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ANSI joins versus “where clause” joins

We can query two tables using below approaches right?

SELECT customer.name
FROM customer
INNER JOIN order
ON customer.cus_id=order.cus_id
ORDER BY customer.name


SELECT c.name
FROM customer c, order o
WHERE 
c.cus_id=o.cus_id
ORDER BY c.name

What is the advantage of using join over latter one?

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marked as duplicate by Martin Smith, bluefeet, Bill Karwin, JYelton, Nikhil Nov 28 '12 at 4:10

This question has been asked before and already has an answer. If those answers do not fully address your question, please ask a new question.

    
They are both joins - the latter just uses implicit join notation. See: en.wikipedia.org/wiki/Join_(SQL)#Inner_join –  nickhar Nov 27 '12 at 17:09

3 Answers 3

There is no difference in execution. Those two are the same queries just written differently.

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For those two exact queries there is no difference. The query planner will create the exact same query plan for them.

Generally speaking, the use of join is more flexible, apart from inner join you also have left outer join, right outer join and cross join.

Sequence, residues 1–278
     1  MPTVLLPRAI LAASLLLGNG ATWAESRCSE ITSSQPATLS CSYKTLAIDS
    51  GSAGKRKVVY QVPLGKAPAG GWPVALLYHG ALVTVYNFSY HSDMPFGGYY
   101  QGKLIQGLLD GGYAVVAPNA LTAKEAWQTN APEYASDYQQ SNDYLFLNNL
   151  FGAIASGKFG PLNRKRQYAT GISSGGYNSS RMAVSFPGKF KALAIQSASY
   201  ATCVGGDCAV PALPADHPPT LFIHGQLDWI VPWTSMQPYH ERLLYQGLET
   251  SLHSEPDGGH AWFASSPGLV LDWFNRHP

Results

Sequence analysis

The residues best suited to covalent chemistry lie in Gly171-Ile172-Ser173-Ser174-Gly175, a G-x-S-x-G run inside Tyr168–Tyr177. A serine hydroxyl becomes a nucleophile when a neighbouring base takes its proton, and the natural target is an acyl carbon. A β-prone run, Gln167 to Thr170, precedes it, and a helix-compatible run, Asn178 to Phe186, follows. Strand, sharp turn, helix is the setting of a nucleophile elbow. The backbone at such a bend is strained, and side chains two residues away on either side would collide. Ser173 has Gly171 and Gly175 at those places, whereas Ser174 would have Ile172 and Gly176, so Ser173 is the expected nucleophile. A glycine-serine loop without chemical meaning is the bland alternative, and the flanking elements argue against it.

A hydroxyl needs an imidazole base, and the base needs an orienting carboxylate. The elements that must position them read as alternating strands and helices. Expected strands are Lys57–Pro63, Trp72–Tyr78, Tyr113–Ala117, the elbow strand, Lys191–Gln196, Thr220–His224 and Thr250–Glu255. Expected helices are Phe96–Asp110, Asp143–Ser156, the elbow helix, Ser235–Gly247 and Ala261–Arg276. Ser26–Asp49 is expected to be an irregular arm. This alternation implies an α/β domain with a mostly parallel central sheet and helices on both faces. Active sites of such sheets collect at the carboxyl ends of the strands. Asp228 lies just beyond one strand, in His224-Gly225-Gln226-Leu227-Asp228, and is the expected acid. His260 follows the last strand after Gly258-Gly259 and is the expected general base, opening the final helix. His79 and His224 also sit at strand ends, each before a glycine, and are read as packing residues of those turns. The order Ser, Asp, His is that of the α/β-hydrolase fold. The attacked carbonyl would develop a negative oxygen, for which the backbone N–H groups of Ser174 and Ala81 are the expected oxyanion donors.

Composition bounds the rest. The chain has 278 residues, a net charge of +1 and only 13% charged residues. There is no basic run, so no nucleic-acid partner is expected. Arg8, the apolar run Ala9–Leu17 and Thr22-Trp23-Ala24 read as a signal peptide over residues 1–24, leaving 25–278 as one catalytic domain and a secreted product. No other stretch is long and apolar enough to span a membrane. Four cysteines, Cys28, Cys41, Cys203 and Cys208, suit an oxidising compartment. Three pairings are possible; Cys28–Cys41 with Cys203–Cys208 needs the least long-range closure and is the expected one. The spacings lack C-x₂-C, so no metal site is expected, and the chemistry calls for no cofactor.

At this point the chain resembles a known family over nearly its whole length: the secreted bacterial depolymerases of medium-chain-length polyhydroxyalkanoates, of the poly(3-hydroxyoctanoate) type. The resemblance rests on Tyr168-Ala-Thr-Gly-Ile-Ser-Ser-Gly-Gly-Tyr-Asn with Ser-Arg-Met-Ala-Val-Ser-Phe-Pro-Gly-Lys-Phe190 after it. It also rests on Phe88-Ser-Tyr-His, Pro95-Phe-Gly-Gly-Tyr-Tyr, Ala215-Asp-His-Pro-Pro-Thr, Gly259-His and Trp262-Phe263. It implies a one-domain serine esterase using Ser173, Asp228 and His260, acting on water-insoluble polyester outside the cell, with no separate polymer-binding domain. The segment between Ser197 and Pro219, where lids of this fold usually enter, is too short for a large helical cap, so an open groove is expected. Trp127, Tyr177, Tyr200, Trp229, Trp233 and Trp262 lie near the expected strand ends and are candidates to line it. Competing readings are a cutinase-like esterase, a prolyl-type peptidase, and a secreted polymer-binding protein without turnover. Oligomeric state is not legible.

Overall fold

There is syntax for those variations for the 'old style' joins, but that is non-standard, and for example deprecated in SQL Server 2005.

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For what it's worth, the distinction of INNER JOIN vs "normal" queries is inaccurate.

Comma-style join syntax was defined in the ANSI SQL-89 standard. Then they realized that they couldn't do some types of joins with that syntax. As @Guffa mentions, Oracle and Sybase invented their own proprietary enhancements to join syntax to handle outer joins.

In ANSI SQL-92, the standard introduced the INNER/OUTER JOIN syntax options. But the old syntax was still supported for the sake of backward compatibility, and it's still in the specification to this day. So they're both standard.

It has literally been 20 years since the explicit join syntax became part of the official SQL standard. It's time you accept that as the "normal" syntax.

Which performs better? They both perform exactly the same. All reasonable SQL implementations handle joins the same way, and both syntax forms invoke the same code.

I find the SQL-92 JOIN syntax is more clear. If you have a join of many tables, you can place the join expressions adjacent to the joined table. If you use the old syntax, your WHERE clause gets cluttered with many terms, and it's hard to sort out which joined table each term goes with.

Some people insist the old SQL-89 style is more clear, but they are wrong. :-)

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